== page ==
(April 22, 2020) — Geronimo Energy (Geronimo), a National Grid company, and Cargill announced today the execution of a Virtual Power Purchase Agreement (VPPA) for the Prairie Wolf Solar Project (Prairie Wolf) in Coles County, Illinois. The contract marks the second renewable energy VPPA executed between Cargill and Geronimo, the first being for a portion of the Crocker Wind Farm in Clark County, South Dakota.
Prairie Wolf is a 200-megawatt (MW) clean solar energy project located in the Midcontinent Independent System Operator (MISO) market. The project is anticipated to begin operations at the end of 2021. Once operational, Prairie Wolf is poised to represent the largest single solar investment in the State of Illinois, as well as one of the largest solar developments east of the Mississippi and one of the largest single project VPPAs in the country. Using the United States’ Environmental Protection Agency’s (EPA) greenhouse gas equivalencies calculator, the project is estimated to offset carbon dioxide emissions by 285,000 metric tons annually.
“We’re pleased to partner with Geronimo Energy on another renewable energy project that moves Cargill in the right direction toward our goal of reducing greenhouse gas emissions from our operations by 10% by 2025. This new solar power project is the latest example of how we are working with partners to change the way we power our operations, taking advantage of the economic and environmental benefits of renewable power,” said Eric Hoegger, Director of Global Renewable Energy for Cargill.
Geronimo has successfully developed over 400 MW of operational renewable energy projects in Illinois, including the Green River and Walnut Ridge Wind Farms in Lee, Bureau, and Whiteside counties.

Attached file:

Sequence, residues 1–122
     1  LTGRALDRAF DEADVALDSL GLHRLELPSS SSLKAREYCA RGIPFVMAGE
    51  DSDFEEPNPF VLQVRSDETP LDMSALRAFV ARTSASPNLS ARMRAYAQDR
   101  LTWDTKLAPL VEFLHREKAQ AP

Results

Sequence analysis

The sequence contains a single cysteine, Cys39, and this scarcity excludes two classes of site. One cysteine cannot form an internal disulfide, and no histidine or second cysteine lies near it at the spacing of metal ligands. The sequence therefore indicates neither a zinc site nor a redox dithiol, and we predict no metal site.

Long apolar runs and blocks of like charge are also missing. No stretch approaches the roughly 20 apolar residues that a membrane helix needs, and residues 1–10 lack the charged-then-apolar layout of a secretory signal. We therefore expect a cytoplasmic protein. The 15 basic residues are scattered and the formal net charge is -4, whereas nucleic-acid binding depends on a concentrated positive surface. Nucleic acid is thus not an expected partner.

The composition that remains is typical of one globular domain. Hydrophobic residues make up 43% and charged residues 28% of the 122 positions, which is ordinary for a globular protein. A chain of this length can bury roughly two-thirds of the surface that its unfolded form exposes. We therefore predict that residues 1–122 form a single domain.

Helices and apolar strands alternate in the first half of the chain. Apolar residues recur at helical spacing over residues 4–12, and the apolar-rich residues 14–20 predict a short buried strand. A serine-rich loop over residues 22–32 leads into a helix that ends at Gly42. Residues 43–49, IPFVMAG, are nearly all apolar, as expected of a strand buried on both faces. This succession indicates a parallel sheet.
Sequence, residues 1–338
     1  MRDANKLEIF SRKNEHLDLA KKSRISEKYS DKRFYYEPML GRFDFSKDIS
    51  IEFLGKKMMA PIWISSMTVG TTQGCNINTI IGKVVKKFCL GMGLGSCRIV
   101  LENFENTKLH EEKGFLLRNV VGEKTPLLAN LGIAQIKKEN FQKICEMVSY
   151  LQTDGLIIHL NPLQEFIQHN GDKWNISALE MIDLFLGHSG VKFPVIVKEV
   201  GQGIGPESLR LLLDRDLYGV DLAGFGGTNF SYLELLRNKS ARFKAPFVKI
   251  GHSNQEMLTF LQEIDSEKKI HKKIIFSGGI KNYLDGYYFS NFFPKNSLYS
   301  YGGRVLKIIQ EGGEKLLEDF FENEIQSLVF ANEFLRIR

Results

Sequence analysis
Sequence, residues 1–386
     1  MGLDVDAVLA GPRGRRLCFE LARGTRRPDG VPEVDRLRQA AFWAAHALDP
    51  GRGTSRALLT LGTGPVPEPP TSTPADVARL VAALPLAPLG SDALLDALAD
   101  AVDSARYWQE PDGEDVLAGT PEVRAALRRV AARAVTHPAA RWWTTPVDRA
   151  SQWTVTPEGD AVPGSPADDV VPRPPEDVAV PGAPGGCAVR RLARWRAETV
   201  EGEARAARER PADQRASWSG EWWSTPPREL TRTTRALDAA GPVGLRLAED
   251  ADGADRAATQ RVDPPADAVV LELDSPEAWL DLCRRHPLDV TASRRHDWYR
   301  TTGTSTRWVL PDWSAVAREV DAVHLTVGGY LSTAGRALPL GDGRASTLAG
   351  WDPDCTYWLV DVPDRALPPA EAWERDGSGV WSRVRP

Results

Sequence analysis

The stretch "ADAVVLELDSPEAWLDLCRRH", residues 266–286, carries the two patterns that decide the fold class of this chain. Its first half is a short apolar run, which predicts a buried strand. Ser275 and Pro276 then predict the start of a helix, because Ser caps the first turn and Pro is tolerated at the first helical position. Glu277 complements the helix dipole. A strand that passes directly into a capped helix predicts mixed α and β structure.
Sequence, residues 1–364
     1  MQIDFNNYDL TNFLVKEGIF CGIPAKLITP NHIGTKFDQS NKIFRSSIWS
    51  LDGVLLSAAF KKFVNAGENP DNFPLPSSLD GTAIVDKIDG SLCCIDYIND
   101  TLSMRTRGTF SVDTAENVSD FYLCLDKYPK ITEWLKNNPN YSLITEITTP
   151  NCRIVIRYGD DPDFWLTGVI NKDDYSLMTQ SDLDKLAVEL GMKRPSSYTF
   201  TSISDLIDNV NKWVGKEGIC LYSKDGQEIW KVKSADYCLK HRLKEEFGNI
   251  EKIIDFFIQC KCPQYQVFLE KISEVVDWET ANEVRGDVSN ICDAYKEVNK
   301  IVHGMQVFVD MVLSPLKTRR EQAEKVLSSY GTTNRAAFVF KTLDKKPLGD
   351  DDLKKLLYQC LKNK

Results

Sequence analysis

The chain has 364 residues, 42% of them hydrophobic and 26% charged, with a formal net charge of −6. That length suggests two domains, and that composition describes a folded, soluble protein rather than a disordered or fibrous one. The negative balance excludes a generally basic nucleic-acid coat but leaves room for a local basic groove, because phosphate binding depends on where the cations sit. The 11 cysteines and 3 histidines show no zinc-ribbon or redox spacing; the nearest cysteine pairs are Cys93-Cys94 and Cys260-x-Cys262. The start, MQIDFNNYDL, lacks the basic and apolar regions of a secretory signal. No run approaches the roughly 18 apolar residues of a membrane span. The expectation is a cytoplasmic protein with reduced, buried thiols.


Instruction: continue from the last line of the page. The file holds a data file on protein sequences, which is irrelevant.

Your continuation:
Geronimo’s long and positive history of development in the state of Illinois translates to strong support for Prairie Wolf.
“The Coles County Board is happy to welcome a new enterprise like Prairie Wolf Solar to Coles County,” stated Stan Metzger, Coles County Board member and Planning and Development Committee Chair. “This project will bring new jobs and add value to the land. New construction projects like this also help ease the burden on local property taxpayers, as well.”
Current estimations for Prairie Wolf’s economic benefits total over $40 million throughout the first 20 years of operation, including positive impacts in new tax revenue, construction jobs, new full-time jobs, and charitable funds through the project’s Education Fund. The Prairie Wolf Education Fund alone will offer approximately $800,000 in donations to the local school districts connected to the project above and beyond all tax revenue and local spending benefits.
“National Grid is delighted for Geronimo to bring this project forward as part of our U.S. renewable energy project portfolio and to continue driving the evolution and decarbonization of America’s electric grid,” stated Daniel Westerman, President, Distributed & Renewable Energy for National Grid. “Prairie Wolf is a clear example of how organizations such as Cargill play a critical role in creating a future that is climate-positive.”
“In addition to being climate-positive, Prairie Wolf is also an agriculture-positive project,” added Blake Nixon, Chief Executive Officer for Geronimo. “Renewable energy projects like Prairie Wolf provide much needed stability and predictability for America’s farming communities. It is fitting that a company like Cargill, an agri-business committed to farmers and the communities they serve, contracts for a project that will benefit the local rural economy and further Geronimo’s own commitment to conduct business in a farmer-friendly manner.”
Source: National Grid